So while New Yorkers may hope to vote someone in to change this systemic problem, there are other ways to solve social justice issues. The Urban Justice Center, for instance, which “serves New York City’s most vulnerable residents through a combination of direct legal service, systemic advocacy, community education and political organizing.” The Center’s various projects address asylum seekers, community development, domestic violence, human rights,  refugee assistance, mental health, veteran rights, and sex workers, to name some prominent causes.

Boston

Boston faces similar problems, though with some slightly different variations. Though Mayor Marty Walsh was re-elected with 65 percent of the vote in 2017, persistent problems continue to plague the city. For one, charges of corruption and extortion linger in the case of a music festival, while the high cost of living in the city remains a persistent problem.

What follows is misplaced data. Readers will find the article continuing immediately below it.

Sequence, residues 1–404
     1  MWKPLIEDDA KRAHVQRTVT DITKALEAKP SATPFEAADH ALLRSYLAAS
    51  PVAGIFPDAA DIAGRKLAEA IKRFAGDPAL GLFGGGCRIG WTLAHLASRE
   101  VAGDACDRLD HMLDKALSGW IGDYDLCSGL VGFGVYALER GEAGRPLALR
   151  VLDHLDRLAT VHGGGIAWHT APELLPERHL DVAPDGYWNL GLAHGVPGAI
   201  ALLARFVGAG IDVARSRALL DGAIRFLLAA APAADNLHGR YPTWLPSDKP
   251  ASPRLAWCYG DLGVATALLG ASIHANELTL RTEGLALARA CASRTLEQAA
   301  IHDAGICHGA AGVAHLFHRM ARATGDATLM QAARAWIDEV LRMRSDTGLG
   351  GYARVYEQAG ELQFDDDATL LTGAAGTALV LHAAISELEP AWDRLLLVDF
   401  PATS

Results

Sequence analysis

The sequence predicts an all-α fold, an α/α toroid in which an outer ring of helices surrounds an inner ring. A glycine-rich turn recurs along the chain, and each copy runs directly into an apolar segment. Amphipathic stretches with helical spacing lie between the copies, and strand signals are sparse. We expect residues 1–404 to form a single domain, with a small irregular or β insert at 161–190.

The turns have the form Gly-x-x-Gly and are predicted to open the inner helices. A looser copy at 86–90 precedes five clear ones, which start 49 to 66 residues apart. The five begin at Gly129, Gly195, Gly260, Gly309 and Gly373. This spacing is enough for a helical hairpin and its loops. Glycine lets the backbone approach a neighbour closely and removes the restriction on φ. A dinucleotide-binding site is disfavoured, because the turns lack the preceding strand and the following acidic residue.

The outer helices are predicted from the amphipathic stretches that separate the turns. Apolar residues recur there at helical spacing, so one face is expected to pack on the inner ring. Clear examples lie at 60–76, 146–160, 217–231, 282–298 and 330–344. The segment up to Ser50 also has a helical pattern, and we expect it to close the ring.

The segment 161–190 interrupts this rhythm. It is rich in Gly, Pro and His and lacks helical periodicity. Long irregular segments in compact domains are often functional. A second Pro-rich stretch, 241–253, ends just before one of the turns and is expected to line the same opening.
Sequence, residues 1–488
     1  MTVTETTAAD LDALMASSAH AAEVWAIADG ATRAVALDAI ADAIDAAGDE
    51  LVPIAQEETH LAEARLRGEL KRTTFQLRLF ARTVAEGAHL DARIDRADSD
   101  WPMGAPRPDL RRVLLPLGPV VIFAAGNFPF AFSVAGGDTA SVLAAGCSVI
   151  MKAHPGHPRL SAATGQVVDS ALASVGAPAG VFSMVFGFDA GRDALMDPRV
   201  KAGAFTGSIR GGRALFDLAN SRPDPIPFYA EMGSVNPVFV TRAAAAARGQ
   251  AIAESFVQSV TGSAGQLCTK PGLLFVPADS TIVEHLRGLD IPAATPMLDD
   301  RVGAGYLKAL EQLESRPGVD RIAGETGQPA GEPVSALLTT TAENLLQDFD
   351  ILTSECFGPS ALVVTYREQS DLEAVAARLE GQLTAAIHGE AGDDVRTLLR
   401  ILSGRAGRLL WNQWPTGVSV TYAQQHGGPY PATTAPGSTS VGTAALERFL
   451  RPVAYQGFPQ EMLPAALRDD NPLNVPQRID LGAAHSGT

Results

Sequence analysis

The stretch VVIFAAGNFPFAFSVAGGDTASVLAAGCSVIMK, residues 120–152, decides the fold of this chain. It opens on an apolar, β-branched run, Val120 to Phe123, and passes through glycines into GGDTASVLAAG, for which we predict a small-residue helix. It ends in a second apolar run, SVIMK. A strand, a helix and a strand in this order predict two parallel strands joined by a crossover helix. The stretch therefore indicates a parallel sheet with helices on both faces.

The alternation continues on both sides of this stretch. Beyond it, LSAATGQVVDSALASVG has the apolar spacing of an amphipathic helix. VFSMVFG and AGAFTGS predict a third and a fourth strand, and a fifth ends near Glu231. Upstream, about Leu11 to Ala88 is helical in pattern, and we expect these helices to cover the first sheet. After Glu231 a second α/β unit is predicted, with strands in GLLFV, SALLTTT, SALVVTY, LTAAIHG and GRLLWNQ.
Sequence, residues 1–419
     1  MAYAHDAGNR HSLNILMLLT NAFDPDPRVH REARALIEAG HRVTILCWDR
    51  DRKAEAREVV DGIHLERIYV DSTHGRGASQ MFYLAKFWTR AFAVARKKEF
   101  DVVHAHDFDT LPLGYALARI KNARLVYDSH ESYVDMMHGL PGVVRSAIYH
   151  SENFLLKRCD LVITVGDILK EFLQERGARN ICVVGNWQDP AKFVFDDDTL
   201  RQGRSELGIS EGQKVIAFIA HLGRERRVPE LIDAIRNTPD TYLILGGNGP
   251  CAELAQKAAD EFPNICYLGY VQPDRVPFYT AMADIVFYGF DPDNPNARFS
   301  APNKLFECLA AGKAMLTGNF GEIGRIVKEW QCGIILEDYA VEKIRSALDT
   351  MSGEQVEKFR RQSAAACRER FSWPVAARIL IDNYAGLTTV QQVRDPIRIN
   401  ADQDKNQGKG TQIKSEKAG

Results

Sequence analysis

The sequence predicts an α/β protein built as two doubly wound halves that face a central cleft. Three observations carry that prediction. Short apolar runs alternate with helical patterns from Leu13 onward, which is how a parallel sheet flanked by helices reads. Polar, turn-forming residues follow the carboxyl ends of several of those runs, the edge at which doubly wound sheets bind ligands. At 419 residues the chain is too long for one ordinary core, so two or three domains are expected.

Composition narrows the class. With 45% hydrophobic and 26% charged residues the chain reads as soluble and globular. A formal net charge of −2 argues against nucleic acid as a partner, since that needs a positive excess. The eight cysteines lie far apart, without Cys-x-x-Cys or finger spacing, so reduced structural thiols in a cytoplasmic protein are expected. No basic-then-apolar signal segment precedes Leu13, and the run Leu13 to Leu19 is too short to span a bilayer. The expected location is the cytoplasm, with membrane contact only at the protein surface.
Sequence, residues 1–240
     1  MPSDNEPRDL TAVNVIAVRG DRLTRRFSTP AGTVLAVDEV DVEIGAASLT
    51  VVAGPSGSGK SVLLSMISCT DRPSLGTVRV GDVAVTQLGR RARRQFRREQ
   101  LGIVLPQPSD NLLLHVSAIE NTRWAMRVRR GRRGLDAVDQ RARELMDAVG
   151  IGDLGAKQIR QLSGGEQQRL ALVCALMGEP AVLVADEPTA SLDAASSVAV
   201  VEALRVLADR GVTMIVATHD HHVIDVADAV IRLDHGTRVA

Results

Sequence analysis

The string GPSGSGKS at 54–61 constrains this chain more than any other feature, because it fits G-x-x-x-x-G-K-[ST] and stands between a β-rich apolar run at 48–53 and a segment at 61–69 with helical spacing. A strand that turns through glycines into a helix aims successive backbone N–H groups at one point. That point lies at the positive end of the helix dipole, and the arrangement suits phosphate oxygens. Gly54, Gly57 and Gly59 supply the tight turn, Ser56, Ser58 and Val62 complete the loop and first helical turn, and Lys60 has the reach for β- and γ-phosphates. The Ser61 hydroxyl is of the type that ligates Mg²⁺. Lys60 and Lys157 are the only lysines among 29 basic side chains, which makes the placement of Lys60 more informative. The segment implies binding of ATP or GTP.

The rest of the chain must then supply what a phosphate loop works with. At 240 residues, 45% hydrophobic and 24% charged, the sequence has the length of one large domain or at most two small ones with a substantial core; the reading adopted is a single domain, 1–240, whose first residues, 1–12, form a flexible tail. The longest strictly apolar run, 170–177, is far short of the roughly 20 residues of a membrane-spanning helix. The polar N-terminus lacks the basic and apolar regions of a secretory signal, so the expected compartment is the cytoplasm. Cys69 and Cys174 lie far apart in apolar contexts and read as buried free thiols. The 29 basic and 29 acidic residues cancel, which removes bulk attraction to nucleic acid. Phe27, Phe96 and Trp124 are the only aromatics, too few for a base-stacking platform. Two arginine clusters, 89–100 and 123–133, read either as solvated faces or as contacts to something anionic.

As in other cities, citizens are taking these changes lying down. Coalition for Social Justice (CSJ) is yet another organization devoted to positive social change. Founded in 1994, the CSJ works on a large range of progressive causes, focusing on those who are excluded from the economic benefits of the current system. This includes racial and religious minorities, low-income neighborhoods, and more. The CSJ is very activist as well, building networks of volunteers and voters to sway local elections and hold officials accountable. The organization consistently holds fundraisers, rallies members to speak at public hearings, and bring the heat onto unresponsive, corrupt politicians.

Los Angeles